S: average number of electrons between the nucleus and the inner orbit of electrons.

This effect is solely responsible for controlling the size of an atom. Also, the magnitude of the atomic shielding depends on the number of electrons in the inner orbits. Thus, higher the number of inner electrons, stronger will the effect. Hence, there is a screening effect constant to define this value, denoted by symbol σ. To calculate this constant, one must be aware of the following two concepts:

Electron orbitals
An atom basically contains sub-levels, each consisting of some defined number of orbitals (a space occupied with 2 electrons). Thus, it is evident that each sub-level as per the electronic configuration contains a different number of orbitals, and hence, different number of electrons. There are basically 4 sub-levels in an atom, and their electron containing capacity is listed below.

Sublevel Number of Orbits Number of Electrons
s 1 2
p 3 6
d 5 10
f 7 14

The number of orbitals can be used to calculate the energy level of an atom; this number is represented as n2, where ‘n’ is the sub-level. Say, if ‘p’ has 3 sub-levels, then it contains 9 electrons. This way, total number of electrons in an atom can be calculated as 2n2. Thus, if the sub-level is 4, then the number of electrons is 2×42 = 32 electrons.

Slater rules
In 1930, John C Slater devised a method to calculate the shielding/screening constant for evaluating the shielding effect. On the basis of the above-defined electronic configuration, the electronic structure of the atom is written as : (1s) (2s, 2p) (3s, 3p) (3d) (4s, 4p) (4d) (4f) (5s, 5p), etc. Here, the electrons in the higher group (i.e., towards the right side in the expression), also known as valence electrons, do not shield the electrons in the inner orbitals.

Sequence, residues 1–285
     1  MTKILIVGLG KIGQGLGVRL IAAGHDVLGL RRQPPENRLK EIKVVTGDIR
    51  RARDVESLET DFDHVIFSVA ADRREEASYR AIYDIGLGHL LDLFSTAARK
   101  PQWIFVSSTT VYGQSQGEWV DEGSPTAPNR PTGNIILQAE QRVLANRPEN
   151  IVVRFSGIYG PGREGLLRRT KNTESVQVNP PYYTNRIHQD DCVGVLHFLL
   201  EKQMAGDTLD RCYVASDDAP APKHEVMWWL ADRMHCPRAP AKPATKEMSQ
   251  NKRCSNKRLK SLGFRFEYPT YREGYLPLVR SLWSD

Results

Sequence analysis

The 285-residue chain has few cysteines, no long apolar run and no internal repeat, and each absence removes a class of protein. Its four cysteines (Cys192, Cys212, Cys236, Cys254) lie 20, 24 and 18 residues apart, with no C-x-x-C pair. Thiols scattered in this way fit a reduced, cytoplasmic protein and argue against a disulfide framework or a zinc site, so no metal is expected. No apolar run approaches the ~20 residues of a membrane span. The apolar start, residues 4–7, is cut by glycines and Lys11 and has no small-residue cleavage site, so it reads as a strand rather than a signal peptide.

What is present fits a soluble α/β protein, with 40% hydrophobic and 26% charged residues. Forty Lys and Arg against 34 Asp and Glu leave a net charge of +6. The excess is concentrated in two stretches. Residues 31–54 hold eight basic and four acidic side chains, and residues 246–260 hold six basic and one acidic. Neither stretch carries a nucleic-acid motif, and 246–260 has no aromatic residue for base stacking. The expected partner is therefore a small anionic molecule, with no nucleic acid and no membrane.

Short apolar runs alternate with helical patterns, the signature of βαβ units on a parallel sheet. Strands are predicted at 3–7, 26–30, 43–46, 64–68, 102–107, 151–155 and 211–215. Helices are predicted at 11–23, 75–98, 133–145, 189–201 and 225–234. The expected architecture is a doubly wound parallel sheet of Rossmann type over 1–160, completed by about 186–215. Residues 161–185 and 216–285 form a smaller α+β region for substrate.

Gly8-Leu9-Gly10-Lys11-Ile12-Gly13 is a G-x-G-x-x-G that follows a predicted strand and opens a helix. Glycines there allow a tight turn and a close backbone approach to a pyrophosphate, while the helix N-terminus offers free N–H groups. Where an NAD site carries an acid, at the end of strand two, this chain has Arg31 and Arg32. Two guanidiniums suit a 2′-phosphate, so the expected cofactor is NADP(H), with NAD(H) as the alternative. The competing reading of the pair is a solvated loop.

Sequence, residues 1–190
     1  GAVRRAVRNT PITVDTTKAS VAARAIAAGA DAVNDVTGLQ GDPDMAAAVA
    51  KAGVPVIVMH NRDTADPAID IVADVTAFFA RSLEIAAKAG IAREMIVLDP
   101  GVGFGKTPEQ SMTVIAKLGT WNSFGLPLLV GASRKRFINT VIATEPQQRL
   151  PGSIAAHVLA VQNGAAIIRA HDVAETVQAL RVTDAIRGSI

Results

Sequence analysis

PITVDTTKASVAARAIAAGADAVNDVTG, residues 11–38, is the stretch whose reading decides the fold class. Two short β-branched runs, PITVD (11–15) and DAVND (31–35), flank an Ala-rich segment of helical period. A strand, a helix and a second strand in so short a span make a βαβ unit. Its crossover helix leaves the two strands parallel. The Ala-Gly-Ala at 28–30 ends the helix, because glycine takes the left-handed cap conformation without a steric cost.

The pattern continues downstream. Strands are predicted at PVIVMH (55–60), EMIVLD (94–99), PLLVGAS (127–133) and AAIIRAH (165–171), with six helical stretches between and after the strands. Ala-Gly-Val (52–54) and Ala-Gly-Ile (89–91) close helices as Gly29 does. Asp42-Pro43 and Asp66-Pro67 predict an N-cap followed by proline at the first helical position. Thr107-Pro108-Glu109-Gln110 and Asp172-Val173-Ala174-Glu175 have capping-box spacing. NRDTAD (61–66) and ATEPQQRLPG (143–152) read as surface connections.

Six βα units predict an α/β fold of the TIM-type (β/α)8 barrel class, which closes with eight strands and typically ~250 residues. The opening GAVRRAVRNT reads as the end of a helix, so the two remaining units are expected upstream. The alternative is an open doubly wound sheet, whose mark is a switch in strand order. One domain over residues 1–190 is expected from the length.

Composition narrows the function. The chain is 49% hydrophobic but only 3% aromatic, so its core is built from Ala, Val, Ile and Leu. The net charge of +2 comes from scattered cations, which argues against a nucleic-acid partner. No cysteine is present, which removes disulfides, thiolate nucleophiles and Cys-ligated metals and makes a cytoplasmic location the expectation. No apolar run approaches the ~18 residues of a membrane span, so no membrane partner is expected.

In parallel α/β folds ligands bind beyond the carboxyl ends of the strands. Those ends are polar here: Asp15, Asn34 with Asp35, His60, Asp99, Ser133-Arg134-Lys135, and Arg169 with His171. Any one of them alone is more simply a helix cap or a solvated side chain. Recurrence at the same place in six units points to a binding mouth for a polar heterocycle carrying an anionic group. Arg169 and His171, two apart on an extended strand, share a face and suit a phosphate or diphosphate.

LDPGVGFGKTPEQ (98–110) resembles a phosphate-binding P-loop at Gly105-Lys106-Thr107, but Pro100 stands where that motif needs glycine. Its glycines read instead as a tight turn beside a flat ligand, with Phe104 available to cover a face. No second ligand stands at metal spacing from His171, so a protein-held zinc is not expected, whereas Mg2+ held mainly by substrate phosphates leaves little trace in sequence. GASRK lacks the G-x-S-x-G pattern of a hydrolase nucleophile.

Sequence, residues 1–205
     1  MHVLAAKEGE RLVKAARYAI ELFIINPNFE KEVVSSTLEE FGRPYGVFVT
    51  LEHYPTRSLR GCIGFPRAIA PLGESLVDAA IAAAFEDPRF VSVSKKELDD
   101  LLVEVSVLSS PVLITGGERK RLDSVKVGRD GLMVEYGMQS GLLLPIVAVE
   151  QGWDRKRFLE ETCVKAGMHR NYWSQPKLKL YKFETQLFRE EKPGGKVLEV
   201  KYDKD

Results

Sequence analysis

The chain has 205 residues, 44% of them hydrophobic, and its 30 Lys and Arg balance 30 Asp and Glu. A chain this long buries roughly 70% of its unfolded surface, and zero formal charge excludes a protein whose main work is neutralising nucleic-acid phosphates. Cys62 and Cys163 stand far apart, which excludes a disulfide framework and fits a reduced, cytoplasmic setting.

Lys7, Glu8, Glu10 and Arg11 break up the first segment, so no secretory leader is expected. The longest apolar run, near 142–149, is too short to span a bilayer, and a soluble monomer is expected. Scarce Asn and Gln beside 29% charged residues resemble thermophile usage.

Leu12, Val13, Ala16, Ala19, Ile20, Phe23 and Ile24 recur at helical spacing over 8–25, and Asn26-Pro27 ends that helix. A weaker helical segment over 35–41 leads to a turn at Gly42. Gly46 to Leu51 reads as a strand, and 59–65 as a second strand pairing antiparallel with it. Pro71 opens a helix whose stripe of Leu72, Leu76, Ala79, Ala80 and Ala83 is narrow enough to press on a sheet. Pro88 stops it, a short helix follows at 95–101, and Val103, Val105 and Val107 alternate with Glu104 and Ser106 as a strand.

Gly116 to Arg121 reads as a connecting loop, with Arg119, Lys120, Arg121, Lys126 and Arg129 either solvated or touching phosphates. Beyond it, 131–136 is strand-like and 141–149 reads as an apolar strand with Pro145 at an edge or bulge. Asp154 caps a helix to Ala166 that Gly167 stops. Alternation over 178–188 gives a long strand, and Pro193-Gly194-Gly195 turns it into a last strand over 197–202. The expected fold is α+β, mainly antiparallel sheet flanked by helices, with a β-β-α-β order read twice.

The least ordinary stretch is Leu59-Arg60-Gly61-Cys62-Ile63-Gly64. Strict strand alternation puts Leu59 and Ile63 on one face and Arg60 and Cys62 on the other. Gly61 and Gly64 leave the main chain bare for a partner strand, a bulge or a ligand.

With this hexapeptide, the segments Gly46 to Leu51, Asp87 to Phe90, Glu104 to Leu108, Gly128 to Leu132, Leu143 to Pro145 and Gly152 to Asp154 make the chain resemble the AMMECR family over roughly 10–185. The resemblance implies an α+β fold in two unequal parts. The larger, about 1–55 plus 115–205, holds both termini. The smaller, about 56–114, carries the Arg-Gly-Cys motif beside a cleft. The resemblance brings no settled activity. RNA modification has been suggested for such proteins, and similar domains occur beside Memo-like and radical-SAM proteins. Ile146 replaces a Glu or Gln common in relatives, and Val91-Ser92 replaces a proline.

For the valence electrons pertaining to ‘s’ and ‘p’ energy levels, the screening constant increases with respect to the inner orbitals, which means that the outer electrons of the same shell (n) contribute a value of 0.35, the electrons in the next smaller shell (n-1) contribute a value of 0.85, and the electrons in the subsequent smaller shells contribute a value of 1.00. Similarly, electrons in the same shells of ‘d’ and ‘f’ energy levels, contribute to a value of 0.35, and electrons to the left (inner orbitals), contribute to a value of 1.00.

Calculating the Shielding Effect Constant
This constant can be calculated as a sum of all the contribution values in all the energy levels.

S (σ) = 1.00 N2 + 0.85 N1 + 0.35 N0,

N0 = Number of electrons in the same shell n
N1 = Number of electrons in the inner shell n-1
N2 = Number of electrons in the inner shell n-2
(When the value of n > 1), otherwise, S = 0.35.

So, this way, the effective nuclear charge can be calculated as: Z – S. This concept will further help you in understanding the balance of many complex chemical equations. Also, solving exercises related to this subject will provide you with a much clearer idea about the subject of atomic shielding.